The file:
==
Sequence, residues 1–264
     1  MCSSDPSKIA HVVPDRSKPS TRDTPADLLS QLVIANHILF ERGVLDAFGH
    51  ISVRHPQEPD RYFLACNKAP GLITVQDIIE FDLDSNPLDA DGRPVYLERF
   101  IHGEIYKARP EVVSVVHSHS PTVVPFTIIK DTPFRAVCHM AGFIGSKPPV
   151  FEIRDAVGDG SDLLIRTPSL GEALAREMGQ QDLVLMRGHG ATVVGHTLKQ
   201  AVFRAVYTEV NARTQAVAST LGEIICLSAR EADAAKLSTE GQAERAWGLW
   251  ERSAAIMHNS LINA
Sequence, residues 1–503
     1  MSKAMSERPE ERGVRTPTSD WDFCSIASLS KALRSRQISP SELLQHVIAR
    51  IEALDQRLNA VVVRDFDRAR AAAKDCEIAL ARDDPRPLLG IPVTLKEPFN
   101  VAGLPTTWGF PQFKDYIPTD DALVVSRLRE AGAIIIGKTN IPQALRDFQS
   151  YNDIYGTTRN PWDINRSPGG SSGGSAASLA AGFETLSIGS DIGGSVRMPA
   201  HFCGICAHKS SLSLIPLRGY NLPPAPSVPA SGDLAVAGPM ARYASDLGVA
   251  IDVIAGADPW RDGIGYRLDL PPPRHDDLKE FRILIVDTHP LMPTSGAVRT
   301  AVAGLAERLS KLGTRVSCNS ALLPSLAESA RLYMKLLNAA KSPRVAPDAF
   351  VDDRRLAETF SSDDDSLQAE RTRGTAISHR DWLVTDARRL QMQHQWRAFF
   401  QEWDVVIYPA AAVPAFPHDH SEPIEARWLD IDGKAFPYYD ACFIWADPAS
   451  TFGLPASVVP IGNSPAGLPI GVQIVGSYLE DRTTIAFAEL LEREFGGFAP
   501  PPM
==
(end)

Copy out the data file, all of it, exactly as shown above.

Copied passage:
Sequence, residues 1–264
     1  MCSSDPSKIA HVVPDRSKPS TRDTPADLLS QLVIANHILF ERGVLDAFGH
    51  ISVRHPQEPD RYFLACNKAP GLITVQDIIE FDLDSNPLDA DGRPVYLERF
   101  IHGEIYKARP EVVSVVHSHS PTVVPFTIIK DTPFRAVCHM AGFIGSKPPV
   151  FEIRDAVGDG SDLLIRTPSL GEALAREMGQ QDLVLMRGHG ATVVGHTLKQ
   201  AVFRAVYTEV NARTQAVAST LGEIICLSAR EADAAKLSTE GQAERAWGLW
   251  ERSAAIMHNS LINA
Sequence, residues 1–503
     1  MSKAMSERPE ERGVRTPTSD WDFCSIASLS KALRSRQISP SELLQHVIAR
    51  IEALDQRLNA VVVRDFDRAR AAAKDCEIAL ARDDPRPLLG IPVTLKEPFN
   101  VAGLPTTWGF PQFKDYIPTD DALVVSRLRE AGAIIIGKTN IPQALRDFQS
   151  YNDIYGTTRN PWDINRSPGG SSGGSAASLA AGFETLSIGS DIGGSVRMPA
   201  HFCGICAHKS SLSLIPLRGY NLPPAPSVPA SGDLAVAGPM ARYASDLGVA
   251  IDVIAGADPW RDGIGYRLDL PPPRHDDLKE FRILIVDTHP LMPTSGAVRT
   301  AVAGLAERLS KLGTRVSCNS ALLPSLAESA RLYMKLLNAA KSPRVAPDAF
   351  VDDRRLAETF SSDDDSLQAE RTRGTAISHR DWLVTDARRL QMQHQWRAFF
   401  QEWDVVIYPA AAVPAFPHDH SEPIEARWLD IDGKAFPYYD ACFIWADPAS
   451  TFGLPASVVP IGNSPAGLPI GVQIVGSYLE DRTTIAFAEL LEREFGGFAP
   501  PPM